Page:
“What do you want to be when you grow up?”
I can’t even count the number of times that question has been asked of me. I was never one of those kids who struggled with an answer. I had my entire life figured out by the time I was eight. I was going to be a missionary and a mother. Eventually my writing dream slipped in there too, and by the time I left home, I was set in my plans.
It’s funny how plans change. How the life I once dreamed of is not the life I am currently living. Right now, I’m a missionary drop-out, soon-to-be-published author of the kind of books I never wanted to write with no husband in the foreseeable future. Sometimes I roll my eyes and say that God mocks me, but honestly… Honestly I’m coming to terms with the fact that God knows best.
That He sees the dreams I never dreamed.
That His dreams are better than my dreams.
If you look at people throughout history – people who are famous for doing extraordinary things – I’m willing to bet they didn’t set out to accomplish those things in the beginning. I’m willing to bet that God interrupted their lives with a purpose that was greater than their imaginings.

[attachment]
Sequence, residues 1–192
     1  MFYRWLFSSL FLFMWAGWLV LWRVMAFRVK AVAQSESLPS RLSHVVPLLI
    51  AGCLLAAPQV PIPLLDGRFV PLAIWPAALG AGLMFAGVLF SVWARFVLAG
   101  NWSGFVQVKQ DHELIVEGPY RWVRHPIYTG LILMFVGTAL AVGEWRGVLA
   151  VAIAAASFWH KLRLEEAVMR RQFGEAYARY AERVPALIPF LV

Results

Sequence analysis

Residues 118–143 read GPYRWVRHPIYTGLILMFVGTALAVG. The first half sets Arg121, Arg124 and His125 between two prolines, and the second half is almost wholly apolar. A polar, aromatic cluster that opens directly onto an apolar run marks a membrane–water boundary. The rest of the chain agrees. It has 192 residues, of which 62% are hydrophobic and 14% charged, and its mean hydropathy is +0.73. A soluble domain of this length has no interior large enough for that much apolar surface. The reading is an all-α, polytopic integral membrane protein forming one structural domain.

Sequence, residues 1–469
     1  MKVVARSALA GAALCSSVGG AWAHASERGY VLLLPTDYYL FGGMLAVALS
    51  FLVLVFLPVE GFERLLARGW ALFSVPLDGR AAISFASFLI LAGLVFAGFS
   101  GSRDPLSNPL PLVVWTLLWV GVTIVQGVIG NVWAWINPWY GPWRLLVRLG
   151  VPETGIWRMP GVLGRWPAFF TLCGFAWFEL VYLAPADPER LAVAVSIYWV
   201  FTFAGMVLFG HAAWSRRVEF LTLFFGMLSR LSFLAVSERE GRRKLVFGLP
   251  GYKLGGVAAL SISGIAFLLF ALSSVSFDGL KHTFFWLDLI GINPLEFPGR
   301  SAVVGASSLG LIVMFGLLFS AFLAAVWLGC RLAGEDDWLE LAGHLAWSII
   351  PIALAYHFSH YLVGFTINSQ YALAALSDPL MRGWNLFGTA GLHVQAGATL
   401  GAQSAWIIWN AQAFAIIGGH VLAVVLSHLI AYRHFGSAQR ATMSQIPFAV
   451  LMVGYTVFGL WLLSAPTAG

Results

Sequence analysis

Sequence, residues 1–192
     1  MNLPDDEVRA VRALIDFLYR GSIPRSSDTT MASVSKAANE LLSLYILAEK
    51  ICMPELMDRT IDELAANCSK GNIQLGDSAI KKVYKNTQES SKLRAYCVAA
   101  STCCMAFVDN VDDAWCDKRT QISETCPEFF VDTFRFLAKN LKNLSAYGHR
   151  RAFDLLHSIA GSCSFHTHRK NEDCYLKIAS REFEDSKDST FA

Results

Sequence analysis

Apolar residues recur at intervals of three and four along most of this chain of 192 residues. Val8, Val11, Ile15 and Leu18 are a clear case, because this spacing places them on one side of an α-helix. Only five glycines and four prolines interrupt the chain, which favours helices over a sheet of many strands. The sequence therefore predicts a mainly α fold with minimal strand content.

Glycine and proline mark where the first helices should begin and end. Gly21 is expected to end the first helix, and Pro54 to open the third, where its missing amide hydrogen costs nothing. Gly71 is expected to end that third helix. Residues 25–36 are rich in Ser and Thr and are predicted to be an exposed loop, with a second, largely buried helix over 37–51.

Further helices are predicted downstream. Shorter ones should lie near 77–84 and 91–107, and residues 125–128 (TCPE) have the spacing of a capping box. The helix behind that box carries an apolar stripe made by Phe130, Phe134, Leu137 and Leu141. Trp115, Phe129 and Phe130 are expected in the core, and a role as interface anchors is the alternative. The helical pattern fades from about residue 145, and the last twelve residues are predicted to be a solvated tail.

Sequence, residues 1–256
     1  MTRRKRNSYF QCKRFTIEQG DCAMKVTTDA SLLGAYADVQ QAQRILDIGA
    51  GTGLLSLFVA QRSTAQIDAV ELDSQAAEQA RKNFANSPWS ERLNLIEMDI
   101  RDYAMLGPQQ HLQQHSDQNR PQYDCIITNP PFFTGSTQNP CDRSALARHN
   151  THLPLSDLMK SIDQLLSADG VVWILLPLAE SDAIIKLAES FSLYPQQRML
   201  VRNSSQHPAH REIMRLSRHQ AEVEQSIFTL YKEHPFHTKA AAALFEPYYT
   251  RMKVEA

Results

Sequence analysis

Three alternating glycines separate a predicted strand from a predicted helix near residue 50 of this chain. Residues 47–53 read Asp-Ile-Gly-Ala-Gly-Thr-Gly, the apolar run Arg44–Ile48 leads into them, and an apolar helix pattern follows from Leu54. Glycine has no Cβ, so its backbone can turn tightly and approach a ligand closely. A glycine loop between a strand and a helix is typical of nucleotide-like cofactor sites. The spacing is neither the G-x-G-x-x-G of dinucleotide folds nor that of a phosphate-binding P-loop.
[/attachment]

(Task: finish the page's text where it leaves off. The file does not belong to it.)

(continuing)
Take Mary in the Bible, for instance. I’ll bet all Mary really wanted was to marry Joseph and live happily ever after in her comfortable little life. Then came the angel that declared she would give birth to the Son of God. Say what?
God gave Mary a task that was way, WAY beyond anything she could have ever asked or imagined. And it wasn’t easy. Her community scorned her for what they assumed to be an illegitimate pregnancy, her fiance nearly kicked her to the curb (and who could blame him?), and the last Mary sighting in the Bible is at the foot of the cross where she watched her son suffer a horrible death.
Following God’s call on her life cost Mary everything. It hurt. It hurt so much worse than her comfortable dreams of happily ever after ever could. But I’m willing to bet that if you asked Mary if she wished she had done things differently, she would say no. She wouldn’t have it any other way. She had traded her old dreams for a new promise.
And the miracle was worth the price she paid.
As I find myself thinking things like, “This isn’t how I thought my life would turn out,” and “I never asked for this ~ wouldn’t have chosen this,” I think of Mary. And I ask myself if this miracle will be worth the price I paid. Though sometimes it’s hard to imagine, I trust that my final answer will be yes. Yes, it was so worth it. I’m trading my old dreams for a new promise.
And I wouldn’t have it any other way.